Causation Fallacy 2.0: Revisiting the Myth and Math of Affirmative Action

Sherick Hughes, Dana N. Thompson Dorsey, Juan F. Carrillo

Research output: Contribution to journalArticle

4 Scopus citations

Abstract

Justice Goodwin Liu reexamined seminal affirmative action in higher education legal cases beginning with the landmark 1978 case, Regents of the University of California v. Bakke and leading up to the U.S. Supreme Court’s 2003 decision in Gratz v. Bollinger. Liu argued that the Bakke and Gratz lawsuits were grounded in an underlying causation fallacy, largely because neither case involved enough applicants of color to change the likelihood of Bakke’s and Gratz’s admittance. Recent lawsuits from self-identified White and Asian, rejected applicants have emerged against top-ranked universities. This article revisits Liu’s assertions by applying his critical approach to those cases. Data indicate too few applicants of color to change the likelihood of recent plaintiffs’ admittance. Concluding arguments name Causation Fallacy 2.0 as a useful tool for explaining the cultural politics of race surrounding affirmative action admissions cases.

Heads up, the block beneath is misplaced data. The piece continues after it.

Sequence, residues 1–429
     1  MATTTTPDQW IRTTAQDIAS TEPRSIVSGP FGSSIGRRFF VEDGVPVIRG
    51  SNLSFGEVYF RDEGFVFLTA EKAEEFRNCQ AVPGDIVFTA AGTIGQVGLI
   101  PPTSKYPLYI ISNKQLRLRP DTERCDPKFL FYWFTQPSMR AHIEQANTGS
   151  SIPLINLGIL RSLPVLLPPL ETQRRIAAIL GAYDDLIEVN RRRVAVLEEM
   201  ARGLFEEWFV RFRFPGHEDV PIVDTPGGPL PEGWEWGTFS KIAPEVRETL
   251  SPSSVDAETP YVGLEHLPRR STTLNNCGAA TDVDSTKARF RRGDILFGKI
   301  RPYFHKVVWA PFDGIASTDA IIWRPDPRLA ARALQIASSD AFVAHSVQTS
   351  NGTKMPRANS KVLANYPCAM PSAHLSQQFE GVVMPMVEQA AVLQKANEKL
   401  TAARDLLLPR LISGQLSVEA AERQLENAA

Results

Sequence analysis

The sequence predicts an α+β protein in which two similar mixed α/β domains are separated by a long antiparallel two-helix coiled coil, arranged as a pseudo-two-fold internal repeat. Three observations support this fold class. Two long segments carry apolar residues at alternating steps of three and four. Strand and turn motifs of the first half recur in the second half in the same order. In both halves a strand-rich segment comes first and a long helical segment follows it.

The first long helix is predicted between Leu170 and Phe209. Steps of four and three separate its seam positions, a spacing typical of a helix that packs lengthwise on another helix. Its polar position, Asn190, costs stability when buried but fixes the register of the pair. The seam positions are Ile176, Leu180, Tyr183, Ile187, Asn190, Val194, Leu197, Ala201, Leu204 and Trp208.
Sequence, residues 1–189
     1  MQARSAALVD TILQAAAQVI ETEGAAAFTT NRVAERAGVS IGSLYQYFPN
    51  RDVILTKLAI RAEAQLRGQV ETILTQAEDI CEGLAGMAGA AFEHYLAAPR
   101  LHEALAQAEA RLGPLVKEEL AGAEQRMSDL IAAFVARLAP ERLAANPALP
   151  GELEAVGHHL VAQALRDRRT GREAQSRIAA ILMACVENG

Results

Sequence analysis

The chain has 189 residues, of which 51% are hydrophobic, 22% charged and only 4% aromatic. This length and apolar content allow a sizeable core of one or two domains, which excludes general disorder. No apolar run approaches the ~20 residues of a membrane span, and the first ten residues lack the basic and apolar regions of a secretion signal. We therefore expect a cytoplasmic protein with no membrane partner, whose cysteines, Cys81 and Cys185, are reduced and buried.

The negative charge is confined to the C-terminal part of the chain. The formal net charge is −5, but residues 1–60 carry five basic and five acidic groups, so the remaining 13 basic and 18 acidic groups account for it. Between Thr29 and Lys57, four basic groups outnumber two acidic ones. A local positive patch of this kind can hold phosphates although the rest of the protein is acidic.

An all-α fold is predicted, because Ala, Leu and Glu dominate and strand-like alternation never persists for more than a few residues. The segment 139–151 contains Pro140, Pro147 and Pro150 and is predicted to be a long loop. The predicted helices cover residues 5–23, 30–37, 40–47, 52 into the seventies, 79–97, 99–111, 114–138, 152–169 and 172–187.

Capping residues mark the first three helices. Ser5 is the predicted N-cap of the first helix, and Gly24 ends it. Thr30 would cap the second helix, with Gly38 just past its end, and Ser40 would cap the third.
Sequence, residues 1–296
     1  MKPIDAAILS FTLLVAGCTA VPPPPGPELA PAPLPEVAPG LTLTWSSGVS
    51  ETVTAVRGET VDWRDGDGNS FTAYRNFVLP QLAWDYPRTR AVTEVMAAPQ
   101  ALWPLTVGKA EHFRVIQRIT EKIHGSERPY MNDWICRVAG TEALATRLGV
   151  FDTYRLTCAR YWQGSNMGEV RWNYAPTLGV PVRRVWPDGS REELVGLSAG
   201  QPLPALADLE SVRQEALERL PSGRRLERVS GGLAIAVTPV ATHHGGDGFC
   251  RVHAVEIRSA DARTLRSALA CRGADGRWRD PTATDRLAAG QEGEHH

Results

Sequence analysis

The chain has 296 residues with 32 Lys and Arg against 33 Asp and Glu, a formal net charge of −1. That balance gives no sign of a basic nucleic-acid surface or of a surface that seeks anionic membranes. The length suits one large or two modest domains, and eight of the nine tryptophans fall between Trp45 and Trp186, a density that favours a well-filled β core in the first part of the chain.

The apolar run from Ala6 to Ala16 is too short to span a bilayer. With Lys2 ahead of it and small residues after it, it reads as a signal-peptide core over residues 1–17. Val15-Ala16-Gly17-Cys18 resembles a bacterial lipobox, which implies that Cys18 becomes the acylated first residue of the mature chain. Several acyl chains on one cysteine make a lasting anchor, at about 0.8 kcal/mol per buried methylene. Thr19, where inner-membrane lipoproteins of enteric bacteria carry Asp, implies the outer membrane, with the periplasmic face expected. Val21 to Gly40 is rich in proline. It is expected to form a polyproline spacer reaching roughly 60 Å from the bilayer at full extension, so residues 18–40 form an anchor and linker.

Original languageEnglish (US)
Pages (from-to)63-93
Number of pages31
JournalEducational Policy
Volume30
Issue number1
DOIs
StatePublished - Jan 1 2016
Externally publishedYes

Keywords

  • affirmative action
  • college admissions
  • cultural politics of race
  • diversity
  • equity
  • racial/ethnic data

ASJC Scopus subject areas

  • Education

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